Oklahoma Child Abuse Conviction Upheld in Kelsey Briggs Case

The Oklahoma criminal defense attorney for Raye Dawn Smith appealed her conviction at an evidentiary hearing last September, but last week,

Oklahoma Child Abuse Case

The Oklahoma Court of Criminal Appeals rejected Smith's appeal, upholding her conviction of enabling child abuse in the case of Kelsey Briggs.  Two-year-old Kelsey died as a result of severe child abuse in 2005.  Her case drew local and national attention because she was being monitored by the Oklahoma Department of Human Services at the time of her death. 

State officials had numerous documented evidence of her abuse prior to her death.  Kelsey's case brought about a public outcry for DHS reform. Smith was sentenced to 27 years in prison for enabling child abuse in Oklahoma.  In the case, Smith and Kelsey's stepfather Michael Lee Porter each blamed the other for the abuse that ended Kelsey's life. 

Neither was found guilty of the homicide, but both were convicted of enabling child abuse.  Porter was charged with Kelsey's murder but pleaded guilty to the reduced charge of enabling abuse.  He is serving a 30-year sentence. The Oklahoma domestic violence lawyer for Raye Dawn Smith says he is preparing to appeal her case in federal court.  Smith and her attorney argue that juror misconduct led to her wrongful conviction.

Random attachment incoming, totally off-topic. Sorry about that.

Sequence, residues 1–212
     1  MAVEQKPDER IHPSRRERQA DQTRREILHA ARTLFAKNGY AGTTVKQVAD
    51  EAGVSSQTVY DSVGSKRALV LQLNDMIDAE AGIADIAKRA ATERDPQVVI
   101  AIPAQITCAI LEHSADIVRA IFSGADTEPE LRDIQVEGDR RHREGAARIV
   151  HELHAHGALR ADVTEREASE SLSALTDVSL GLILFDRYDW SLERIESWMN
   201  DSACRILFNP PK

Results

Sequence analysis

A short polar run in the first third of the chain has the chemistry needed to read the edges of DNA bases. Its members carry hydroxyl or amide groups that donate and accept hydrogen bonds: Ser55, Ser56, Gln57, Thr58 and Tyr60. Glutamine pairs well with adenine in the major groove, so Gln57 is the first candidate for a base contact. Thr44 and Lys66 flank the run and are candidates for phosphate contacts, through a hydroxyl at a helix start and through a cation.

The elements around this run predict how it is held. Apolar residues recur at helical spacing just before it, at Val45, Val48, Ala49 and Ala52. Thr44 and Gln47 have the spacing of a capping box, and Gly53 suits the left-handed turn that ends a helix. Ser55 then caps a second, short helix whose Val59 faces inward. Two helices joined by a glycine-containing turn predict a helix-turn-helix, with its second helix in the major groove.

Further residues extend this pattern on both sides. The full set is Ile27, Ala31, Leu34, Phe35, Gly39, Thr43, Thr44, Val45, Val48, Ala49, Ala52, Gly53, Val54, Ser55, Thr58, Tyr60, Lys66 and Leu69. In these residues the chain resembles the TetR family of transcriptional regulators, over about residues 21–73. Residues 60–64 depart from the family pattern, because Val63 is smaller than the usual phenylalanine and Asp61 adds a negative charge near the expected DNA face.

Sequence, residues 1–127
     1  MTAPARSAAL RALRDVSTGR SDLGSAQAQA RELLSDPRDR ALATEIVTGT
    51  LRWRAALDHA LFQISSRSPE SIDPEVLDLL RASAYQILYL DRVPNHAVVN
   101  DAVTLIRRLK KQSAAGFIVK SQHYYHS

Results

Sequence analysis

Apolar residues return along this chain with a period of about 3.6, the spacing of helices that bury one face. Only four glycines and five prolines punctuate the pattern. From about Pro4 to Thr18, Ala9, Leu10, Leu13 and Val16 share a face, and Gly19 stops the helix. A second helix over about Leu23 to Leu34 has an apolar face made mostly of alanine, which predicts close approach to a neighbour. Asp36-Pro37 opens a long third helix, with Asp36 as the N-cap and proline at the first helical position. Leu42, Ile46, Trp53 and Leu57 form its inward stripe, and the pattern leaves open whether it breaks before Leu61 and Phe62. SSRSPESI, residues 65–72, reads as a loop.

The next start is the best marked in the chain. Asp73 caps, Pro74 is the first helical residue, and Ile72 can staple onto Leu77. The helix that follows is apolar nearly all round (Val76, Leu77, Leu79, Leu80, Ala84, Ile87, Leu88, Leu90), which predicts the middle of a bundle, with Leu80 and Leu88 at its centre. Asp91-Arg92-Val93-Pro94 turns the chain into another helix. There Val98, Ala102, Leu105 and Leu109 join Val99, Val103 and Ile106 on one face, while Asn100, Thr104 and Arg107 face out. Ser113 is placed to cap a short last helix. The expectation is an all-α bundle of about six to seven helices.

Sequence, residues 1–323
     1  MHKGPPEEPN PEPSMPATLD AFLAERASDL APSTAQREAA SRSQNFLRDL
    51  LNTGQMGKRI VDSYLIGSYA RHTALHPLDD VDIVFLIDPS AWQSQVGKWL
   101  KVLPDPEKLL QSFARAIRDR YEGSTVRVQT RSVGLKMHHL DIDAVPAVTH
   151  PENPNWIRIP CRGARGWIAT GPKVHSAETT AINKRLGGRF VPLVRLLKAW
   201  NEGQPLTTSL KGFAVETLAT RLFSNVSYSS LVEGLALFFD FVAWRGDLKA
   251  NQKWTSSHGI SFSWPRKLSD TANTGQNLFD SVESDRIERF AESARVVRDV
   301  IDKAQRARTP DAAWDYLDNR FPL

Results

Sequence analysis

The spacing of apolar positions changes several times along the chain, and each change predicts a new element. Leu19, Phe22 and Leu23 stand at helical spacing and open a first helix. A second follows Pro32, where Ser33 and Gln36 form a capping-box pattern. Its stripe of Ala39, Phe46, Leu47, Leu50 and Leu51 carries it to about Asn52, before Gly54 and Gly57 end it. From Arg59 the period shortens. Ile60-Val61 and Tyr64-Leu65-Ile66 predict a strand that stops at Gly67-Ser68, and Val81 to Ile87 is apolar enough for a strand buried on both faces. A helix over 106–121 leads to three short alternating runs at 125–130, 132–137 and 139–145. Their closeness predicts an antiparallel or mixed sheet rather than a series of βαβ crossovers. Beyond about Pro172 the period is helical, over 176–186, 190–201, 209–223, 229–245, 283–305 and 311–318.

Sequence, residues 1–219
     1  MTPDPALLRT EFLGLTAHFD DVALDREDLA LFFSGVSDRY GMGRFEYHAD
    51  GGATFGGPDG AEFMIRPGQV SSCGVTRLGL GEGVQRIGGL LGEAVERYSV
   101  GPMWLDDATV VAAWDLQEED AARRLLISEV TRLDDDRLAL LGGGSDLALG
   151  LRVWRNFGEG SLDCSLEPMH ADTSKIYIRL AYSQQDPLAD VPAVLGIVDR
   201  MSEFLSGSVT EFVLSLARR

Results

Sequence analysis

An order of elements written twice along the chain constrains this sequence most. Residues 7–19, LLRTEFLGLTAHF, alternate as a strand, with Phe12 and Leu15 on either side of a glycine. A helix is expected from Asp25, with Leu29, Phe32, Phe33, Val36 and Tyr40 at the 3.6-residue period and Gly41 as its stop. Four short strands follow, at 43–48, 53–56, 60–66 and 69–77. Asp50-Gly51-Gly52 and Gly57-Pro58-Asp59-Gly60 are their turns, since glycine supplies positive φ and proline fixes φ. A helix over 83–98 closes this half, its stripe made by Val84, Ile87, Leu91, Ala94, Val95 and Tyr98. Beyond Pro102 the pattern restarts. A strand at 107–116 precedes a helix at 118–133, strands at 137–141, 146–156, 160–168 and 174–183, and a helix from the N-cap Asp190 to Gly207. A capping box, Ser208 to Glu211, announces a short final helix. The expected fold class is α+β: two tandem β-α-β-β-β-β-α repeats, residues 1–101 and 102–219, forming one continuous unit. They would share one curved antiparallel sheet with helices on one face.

Defense Strategies for Child Abuse

Smith's defense attorney provided witness statements alleging that a juror discussed the case with them and admitted to watching media reports about the case and visiting a website dedicated to the memory of the young victim.  Smith and her criminal lawyer say that this juror's defiance of court orders to avoid media coverage of the case and her viewing of such information biased her opinion and tainted the verdict of the case. Anyone accused of a crime in Oklahoma is entitled to a fair and impartial trial. 

If this impartiality jeopardized by a juror's failure to comply with the mandates of the course, the verdict in the case may not be fair.  The right to appeal an unjust conviction is granted by the Constitution of the United States.

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